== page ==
HabitsandPatterns. Organizations have habits and patterns, just as we humans do. Humans run on automatic pilot most of the time, not reflecting on why we do the things we do, and so do our organizations. When reflecting on strengths and challenges, try to step back and create enough space and curiosity to wonder about your organizational habits and patterns. It is often useful to ask newer members of your organization what they have noticed, before their eyes become acclimated to your culture.
Apply Circles of Influence to the Challenges: which are under our control, which are at least under our influence, and which are out of our control, at least for now. An example of things “out of our control, at least for now” can include the larger organization’s systems and processes, resources available, etc.
Craft a Strategy to build on the Strengths and address the Challenges as much as possible. Be sure this is seen as an evolving strategy, and that the team regularly comes back to re-identifying current strengths, challenges, and shifting the Strategy accordingly.
Dynamic Steering. Have a way of measuring progress over time. In complex environments there is no “right” path forward, and we use the term “dynamic steering” for making adjustments to the plan over time. “Steering points” are needed in order to do so. How will we know how we’re doing?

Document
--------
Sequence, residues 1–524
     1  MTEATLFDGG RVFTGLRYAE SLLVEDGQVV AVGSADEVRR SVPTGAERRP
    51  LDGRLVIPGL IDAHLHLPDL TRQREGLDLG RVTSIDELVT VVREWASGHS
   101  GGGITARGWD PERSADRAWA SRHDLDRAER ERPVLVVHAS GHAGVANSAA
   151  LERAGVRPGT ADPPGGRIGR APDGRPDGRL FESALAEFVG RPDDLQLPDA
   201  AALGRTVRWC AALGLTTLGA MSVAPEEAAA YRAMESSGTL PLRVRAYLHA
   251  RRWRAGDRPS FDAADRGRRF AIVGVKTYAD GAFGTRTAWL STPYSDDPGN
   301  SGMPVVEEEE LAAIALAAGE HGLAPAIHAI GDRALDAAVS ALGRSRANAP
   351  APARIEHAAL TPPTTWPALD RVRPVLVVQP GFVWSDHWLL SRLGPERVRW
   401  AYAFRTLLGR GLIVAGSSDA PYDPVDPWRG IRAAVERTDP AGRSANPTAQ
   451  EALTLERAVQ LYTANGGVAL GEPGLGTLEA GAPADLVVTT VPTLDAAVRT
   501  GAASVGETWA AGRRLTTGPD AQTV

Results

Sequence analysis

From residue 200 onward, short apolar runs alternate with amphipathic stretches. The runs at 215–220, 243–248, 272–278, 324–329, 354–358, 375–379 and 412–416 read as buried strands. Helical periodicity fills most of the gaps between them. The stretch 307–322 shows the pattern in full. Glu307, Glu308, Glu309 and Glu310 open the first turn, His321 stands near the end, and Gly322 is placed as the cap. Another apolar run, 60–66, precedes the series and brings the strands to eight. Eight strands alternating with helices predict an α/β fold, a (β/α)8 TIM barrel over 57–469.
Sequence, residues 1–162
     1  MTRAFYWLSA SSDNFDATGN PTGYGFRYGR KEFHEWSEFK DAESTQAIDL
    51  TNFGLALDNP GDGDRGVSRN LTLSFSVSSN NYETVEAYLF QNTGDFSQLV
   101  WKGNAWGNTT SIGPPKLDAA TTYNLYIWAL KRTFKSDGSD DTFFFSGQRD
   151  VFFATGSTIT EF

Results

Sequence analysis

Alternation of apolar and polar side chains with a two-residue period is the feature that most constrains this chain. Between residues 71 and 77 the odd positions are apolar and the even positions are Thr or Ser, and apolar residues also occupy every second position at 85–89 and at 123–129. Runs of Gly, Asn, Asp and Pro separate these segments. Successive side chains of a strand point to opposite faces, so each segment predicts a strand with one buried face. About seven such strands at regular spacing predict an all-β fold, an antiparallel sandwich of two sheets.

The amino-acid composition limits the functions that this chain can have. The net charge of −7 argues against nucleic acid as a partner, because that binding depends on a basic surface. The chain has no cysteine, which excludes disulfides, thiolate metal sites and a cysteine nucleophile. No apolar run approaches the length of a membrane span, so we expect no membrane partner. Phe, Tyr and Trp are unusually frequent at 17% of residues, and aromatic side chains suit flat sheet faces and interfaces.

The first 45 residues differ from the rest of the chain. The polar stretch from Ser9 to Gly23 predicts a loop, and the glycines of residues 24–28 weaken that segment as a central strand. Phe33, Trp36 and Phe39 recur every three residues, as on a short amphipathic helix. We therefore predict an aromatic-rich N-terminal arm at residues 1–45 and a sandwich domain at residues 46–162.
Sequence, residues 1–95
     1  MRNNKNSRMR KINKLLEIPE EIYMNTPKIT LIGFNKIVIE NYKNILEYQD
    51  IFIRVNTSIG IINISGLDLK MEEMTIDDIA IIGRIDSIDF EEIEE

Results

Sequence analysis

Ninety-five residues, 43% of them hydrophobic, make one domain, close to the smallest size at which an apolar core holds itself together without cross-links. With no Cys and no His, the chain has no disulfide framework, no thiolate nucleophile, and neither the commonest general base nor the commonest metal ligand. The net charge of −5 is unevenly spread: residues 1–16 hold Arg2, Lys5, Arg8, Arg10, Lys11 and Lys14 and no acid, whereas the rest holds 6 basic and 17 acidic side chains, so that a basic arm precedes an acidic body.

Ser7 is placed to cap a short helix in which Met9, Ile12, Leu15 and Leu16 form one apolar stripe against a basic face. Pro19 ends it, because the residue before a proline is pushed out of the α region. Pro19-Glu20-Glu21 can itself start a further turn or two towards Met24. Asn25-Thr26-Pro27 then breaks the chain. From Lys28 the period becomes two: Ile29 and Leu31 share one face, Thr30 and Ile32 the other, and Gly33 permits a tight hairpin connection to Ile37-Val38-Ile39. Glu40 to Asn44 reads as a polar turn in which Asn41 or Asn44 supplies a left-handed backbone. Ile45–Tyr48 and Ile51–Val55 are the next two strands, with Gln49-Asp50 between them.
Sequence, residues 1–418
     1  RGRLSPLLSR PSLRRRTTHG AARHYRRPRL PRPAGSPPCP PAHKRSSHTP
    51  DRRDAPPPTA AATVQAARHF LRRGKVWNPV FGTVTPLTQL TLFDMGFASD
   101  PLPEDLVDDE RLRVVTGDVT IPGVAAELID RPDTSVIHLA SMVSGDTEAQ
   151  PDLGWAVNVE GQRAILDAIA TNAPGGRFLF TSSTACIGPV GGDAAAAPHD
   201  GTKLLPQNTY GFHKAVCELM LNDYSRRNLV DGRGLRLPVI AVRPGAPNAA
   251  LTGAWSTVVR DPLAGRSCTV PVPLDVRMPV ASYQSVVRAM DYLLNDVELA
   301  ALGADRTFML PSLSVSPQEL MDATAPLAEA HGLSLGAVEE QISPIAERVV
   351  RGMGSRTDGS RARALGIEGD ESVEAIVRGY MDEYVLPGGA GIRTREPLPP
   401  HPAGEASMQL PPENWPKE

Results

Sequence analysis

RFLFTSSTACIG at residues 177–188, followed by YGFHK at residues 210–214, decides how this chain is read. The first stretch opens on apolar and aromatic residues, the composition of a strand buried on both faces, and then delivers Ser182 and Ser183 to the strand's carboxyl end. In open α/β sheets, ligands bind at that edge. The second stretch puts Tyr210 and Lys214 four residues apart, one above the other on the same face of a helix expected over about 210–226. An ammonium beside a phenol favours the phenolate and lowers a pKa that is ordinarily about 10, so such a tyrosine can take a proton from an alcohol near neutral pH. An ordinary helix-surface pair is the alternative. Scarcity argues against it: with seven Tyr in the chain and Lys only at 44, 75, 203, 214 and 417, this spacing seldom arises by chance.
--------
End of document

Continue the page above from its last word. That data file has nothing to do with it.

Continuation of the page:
The leader takes healthy ownership for results. Particularly when there have been performance issues, it’s vital for leaders to first ask two powerful questions.
(1) What might this result have to do with me? That could include what the leader has been modeling, how much support and coaching have been given, etc. We worked with one leader who realized that she’d given up on one of her direct reports. She’d stopped giving him any kind of feedback, positive or constructive. She wondered how much this had to do with his ongoing problematic behavior. When she changed she was amazed at how much he changed in response.
(2) What might this result have to do with us/our context? This is a harder but more powerful question. It can include many of what might be surfaced in the Making it Real process. This question includes how we treat each other, clarity of roles and goals, allocation of resources, and the impact of our own culture as well as the greater culture in which we exist.
Said another way, high-level leaders understand that they’re evaluating themselves as much as their direct report. It’s about “us” not just “you.”
It is also important for the leader to ask whether the individual or sub-team has the capacity to be successful. To understand what we mean by capacity, please see our short handout on Levels of Development-in-Action.